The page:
Showing posts with label Arab World. Show all posts
Showing posts with label Arab World. Show all posts

26 September 2017

*** ISIS'S EXPANDING CAMPAIGN IN EUROPE

By Jennifer Cafarella with Jason Zhou

Key Takeaway: ISIS’s attack campaign in Europe is expanding despite ISIS’s losses of terrain and senior leadership in the Middle East and North Africa. ISIS continues to plan, resource, and execute attacks from its remaining safe havens in Syria, Iraq, and Libya. ISIS has successfully expanded its coordinated attack campaign in Europe to target the UK and Spain. Rising levels of ISIS-inspired attacks in Sweden and Finland may signal growing online ISIS activity targeting vulnerable populations in those states and receptivity among those populations to the ISIS message. Coordinated attack attempts could follow. ISIS is sustaining its attack efforts in its initial target states of France and Germany, meanwhile. ISIS’s activity in Belgium, also an initial target state, is much lower, but the lack of ISIS attacks in Belgium does not signal incapacity. ISIS may be using its networks in Belgium to support attack cells elsewhere in Europe. ISIS also appears increasingly successful at inspiring low-level attacks in Europe despite its territorial losses, indicating its messaging is still resonant. ISIS’s campaign in Europe will continue and may even increase despite its losses in Iraq and Syria. Download the PDF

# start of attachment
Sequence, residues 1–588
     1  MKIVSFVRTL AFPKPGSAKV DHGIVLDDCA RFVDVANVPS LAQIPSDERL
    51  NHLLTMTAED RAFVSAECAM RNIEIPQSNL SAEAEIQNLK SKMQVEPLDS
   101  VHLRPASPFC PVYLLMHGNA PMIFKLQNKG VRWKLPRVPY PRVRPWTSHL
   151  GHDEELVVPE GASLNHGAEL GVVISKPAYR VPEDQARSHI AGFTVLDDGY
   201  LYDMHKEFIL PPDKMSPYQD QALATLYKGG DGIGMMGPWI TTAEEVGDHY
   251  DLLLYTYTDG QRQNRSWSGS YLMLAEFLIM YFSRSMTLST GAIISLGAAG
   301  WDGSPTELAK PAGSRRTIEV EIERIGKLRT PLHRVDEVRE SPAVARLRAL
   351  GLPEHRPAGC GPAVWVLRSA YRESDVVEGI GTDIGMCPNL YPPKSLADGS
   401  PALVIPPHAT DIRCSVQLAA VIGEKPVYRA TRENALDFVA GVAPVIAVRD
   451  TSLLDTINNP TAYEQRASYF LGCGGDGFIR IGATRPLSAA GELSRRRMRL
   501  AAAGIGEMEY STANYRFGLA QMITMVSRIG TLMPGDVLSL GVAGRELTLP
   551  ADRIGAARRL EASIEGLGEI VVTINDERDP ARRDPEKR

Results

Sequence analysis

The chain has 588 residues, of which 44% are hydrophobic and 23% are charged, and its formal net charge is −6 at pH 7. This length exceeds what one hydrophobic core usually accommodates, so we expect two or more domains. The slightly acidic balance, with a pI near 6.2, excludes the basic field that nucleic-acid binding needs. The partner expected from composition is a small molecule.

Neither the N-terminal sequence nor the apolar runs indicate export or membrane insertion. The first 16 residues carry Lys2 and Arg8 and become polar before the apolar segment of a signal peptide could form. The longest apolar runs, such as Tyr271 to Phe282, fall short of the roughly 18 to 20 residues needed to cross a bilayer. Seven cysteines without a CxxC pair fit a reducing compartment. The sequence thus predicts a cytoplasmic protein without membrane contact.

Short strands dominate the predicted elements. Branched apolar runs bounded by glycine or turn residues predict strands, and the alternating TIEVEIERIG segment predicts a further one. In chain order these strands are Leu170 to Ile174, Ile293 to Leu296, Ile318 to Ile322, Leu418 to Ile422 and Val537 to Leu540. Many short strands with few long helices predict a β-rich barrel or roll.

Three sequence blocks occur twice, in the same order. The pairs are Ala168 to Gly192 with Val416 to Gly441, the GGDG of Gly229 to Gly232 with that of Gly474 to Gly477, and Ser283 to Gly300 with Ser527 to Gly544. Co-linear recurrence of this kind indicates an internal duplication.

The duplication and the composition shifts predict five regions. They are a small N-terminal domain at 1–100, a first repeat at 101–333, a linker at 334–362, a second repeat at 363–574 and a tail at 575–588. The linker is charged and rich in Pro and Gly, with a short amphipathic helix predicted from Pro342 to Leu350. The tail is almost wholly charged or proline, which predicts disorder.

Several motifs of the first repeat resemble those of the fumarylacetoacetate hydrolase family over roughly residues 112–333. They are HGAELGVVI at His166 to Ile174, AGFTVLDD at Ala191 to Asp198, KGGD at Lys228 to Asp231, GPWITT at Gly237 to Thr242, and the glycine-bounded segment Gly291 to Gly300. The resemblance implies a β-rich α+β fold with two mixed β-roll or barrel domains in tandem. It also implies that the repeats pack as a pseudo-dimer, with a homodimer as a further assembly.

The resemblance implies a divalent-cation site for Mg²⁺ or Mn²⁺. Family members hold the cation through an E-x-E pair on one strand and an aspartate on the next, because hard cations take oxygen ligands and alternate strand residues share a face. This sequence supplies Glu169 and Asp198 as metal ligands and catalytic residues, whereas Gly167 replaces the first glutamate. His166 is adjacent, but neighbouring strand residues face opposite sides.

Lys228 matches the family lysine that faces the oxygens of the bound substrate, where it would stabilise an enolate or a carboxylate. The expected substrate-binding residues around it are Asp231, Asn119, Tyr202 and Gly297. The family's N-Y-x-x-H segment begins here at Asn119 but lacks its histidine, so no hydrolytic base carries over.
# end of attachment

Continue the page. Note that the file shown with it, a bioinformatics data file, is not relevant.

19 September 2017

Why Britain Is the Perfect Terror Target

Robin Simcox

At least twenty-nine people were injured when an improvised explosive device detonated on a London underground train during rush hour last week. None of those injuries is believed to be life-threatening. The device, though not a total dud, malfunctioned, failing to explode with the intended ferocity. The UK has—at least so far—caught a break.